On the military front, Mao was becoming increasingly irritated with the Soviets, and their decreasing material support for his war. Though his manpower numbers were decreasing, he was no longer being supplied with first-rate weapons, ammunition and equipment from the Soviets themselves, but with second-rate weapons, ammunition and equipment captured from the Allies in their lightning attack across Europe. This was causing severe logistical hardship on Mao's troops, with the additional issue of hampering his operations because of it. This is another reason why Sun's counter-offensive against his forces have been so successful, so much so that Mao's forces have been pushed back behind the Soviet lines in Manchuria. Comrade General Chou En-lai was working on a new plan of attack, and they were retrofitting some special equipment that the Soviets had just delivered to them, just for this attack. It was sure to be a nasty surprise to the government forces who will no doubt be facing it. Mao Tse-tung smiled at the thought, as the meeting came to order...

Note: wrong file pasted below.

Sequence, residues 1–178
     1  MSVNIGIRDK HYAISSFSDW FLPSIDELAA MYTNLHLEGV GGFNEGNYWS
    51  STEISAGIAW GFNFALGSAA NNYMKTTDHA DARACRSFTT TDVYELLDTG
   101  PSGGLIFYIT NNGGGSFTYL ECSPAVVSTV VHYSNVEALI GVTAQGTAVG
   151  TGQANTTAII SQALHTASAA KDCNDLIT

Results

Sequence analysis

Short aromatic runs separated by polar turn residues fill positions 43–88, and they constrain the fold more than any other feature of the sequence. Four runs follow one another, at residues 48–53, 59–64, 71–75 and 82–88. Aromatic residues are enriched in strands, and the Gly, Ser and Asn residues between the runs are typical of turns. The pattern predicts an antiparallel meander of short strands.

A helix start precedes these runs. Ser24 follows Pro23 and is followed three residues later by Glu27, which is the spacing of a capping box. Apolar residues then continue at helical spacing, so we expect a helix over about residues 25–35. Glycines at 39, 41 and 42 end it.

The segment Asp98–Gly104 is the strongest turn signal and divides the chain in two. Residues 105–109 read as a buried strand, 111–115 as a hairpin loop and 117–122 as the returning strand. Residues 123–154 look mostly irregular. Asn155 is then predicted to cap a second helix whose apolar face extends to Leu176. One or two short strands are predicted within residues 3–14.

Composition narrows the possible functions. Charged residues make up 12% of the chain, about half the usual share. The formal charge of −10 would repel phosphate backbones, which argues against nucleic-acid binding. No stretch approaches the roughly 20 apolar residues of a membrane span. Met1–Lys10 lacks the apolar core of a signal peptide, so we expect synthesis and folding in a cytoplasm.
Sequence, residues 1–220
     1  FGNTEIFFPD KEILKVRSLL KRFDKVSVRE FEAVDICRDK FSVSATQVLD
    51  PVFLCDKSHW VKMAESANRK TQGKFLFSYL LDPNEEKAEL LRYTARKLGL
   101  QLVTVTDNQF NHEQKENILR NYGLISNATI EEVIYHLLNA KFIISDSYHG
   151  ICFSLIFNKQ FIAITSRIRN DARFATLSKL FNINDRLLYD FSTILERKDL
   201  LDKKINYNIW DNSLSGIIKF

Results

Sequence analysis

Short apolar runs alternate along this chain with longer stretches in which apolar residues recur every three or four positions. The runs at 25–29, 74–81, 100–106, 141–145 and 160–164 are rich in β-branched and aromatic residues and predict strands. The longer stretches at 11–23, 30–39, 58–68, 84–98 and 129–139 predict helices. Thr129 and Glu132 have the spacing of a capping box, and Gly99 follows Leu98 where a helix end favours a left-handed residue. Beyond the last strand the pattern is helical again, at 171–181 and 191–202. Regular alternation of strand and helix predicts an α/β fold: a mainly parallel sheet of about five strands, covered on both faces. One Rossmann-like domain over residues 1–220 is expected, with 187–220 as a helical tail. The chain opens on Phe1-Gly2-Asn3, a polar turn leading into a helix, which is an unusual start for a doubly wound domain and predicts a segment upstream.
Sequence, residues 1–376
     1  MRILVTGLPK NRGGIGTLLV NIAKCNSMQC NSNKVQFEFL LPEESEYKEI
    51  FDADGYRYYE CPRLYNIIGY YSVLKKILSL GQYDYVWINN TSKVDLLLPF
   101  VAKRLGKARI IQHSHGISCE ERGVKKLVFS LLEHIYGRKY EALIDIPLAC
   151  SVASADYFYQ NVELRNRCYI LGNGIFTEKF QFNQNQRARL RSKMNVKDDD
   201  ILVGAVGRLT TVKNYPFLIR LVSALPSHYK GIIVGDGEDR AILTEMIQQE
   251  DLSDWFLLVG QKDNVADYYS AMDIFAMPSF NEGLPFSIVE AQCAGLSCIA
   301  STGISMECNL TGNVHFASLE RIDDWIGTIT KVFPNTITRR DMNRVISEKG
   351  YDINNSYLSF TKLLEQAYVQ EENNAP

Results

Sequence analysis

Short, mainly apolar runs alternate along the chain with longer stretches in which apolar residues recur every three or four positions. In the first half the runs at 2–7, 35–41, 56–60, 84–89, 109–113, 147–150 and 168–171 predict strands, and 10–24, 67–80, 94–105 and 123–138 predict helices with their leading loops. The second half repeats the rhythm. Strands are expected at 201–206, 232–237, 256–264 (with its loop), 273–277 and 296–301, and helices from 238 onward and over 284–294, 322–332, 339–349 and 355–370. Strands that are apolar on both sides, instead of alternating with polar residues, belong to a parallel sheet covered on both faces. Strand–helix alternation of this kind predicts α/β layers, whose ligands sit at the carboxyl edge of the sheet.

Birth Of A Weapon System by RangerElite

Weapons Development in WWIII 1946

Design Workshop of John C. Garand
Springfield Armory
Springfield, Massachusetts, USA

John was once again working late in the workshop, but he was not alone tonight. He was joined by Dieudonne Saive and Ernest Vervier, of the Fabriqué National de Herstal, of Belgium, and by Alex Seidel, formerly of DWM-Mauser AG, now employed by the Springfield Armory. They had been busy experimenting with many ways to improve the T46A1 (what they were now calling the American Sturmgewehr) and they think that they've discovered a way that they can make an important change that would revolutionize this rifle and make it far superior to anything that the Soviets can ever produce.